Alice Roosevelt Longworth (Alice Lee Roosevelt)
BiographyNew York City, New York, USA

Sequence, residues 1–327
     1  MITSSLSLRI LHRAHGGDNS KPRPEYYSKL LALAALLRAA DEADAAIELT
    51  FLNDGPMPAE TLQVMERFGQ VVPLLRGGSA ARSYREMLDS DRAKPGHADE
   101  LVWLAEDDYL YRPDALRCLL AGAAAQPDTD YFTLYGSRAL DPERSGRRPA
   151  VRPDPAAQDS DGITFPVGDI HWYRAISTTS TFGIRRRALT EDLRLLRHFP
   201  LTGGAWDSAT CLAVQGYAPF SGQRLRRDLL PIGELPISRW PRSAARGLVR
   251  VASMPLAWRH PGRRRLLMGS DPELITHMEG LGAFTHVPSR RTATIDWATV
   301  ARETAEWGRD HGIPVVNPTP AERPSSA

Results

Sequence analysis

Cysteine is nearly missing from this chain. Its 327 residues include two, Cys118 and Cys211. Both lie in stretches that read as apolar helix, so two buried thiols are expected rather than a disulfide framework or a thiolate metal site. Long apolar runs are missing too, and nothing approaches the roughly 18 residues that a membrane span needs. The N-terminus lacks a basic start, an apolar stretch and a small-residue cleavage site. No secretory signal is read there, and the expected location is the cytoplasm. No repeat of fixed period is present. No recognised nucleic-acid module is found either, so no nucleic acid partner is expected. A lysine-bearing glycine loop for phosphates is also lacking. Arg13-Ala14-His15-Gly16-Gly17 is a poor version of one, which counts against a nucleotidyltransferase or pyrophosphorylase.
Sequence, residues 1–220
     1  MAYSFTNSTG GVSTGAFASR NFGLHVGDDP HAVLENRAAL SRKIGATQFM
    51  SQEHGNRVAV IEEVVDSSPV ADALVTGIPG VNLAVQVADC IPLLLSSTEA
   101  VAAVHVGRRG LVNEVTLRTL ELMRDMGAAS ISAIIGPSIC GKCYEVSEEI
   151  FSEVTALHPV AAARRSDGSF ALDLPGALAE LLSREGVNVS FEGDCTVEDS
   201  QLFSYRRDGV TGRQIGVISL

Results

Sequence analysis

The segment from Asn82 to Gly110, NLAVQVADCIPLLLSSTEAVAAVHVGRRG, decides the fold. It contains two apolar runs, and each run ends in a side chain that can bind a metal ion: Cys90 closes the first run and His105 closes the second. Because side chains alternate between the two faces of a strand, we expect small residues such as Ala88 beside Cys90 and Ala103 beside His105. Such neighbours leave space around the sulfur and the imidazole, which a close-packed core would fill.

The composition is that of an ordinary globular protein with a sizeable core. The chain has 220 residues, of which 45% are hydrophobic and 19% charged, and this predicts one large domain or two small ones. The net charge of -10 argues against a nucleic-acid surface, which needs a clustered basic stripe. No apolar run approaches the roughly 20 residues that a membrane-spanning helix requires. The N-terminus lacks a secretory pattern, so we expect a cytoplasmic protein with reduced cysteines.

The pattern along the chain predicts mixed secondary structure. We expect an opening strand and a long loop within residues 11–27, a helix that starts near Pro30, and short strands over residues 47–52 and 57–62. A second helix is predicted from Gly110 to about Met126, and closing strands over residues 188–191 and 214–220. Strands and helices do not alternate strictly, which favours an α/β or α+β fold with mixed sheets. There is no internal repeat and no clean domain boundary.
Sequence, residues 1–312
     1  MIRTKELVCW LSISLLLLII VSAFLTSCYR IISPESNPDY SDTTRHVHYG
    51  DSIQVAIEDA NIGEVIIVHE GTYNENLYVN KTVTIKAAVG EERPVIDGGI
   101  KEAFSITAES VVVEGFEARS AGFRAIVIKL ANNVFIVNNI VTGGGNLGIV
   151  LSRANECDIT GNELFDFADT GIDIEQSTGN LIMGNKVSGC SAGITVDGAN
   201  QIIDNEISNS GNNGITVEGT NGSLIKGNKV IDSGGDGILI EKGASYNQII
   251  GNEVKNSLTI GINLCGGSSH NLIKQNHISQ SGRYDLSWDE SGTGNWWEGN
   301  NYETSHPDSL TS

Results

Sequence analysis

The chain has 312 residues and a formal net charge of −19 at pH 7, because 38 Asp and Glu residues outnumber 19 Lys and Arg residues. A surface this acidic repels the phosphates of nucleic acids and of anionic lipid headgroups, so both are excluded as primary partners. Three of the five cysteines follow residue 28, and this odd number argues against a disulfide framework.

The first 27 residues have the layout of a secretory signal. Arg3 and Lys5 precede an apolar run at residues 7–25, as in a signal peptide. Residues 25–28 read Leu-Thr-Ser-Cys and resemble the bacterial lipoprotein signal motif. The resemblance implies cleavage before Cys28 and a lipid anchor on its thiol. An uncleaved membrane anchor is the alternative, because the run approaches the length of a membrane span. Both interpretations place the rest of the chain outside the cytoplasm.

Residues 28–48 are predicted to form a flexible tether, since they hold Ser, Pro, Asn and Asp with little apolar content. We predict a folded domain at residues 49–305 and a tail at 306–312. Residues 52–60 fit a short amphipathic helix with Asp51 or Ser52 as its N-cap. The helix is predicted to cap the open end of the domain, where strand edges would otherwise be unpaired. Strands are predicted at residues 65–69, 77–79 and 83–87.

Alice Lee Roosevelt was the daughter of Theodore Roosevelt, then a New York state assemblyman. Her mother died two days after her birth; Theodore remarried 'Edith Kermit Carow' and established a family seat in Oyster Bay, Long Island, where Alice grew up amid wealth, tradition, and politics. When her father suddenly became U.S. president in 1901 after the death of President McKinley, Alice Roosevelt was thrust into the national spotlight. Read more... slavishly recorded her comings and goings, her defiance of conventions, and her acidic comments on her contemporaries. When asked by the press about his daughter's unconventional behavior, the President sighed, "I can control the affairs of state, or I can control Alice. I cannot possibly do both." In 1906 she married Ohio Representative Nicholas Longworth. Though the marriage was generally an unhappy one, the Longworth house was a center of Republican conviviality. Longworth became speaker of the House of Representatives in 1925, the same year that Alice gave birth to the couple's only child, Paulina, at the age of 41. After Longworth's death in 1931, Alice remained near Washington politics and capital social life. She campaigned against her fifth cousin, Franklin D. Roosevelt, and her scathing imitation of her first cousin Eleanor was favorite entertainment in Republican social circles during the New Deal. In 1934 she published her memoirs, 'Crowded Hours.' She famously kept a pillow in her parlor, embroidered with the words, "If you don't have anything nice to say, come sit by me." Her acerbic wit, gossip, and irreverence were legendary and were frequently recorded. Even in old age she was a fixture of the Washington scene, earning the nickname "Washington's other monument." She died at her home in 1980 at the age of 96.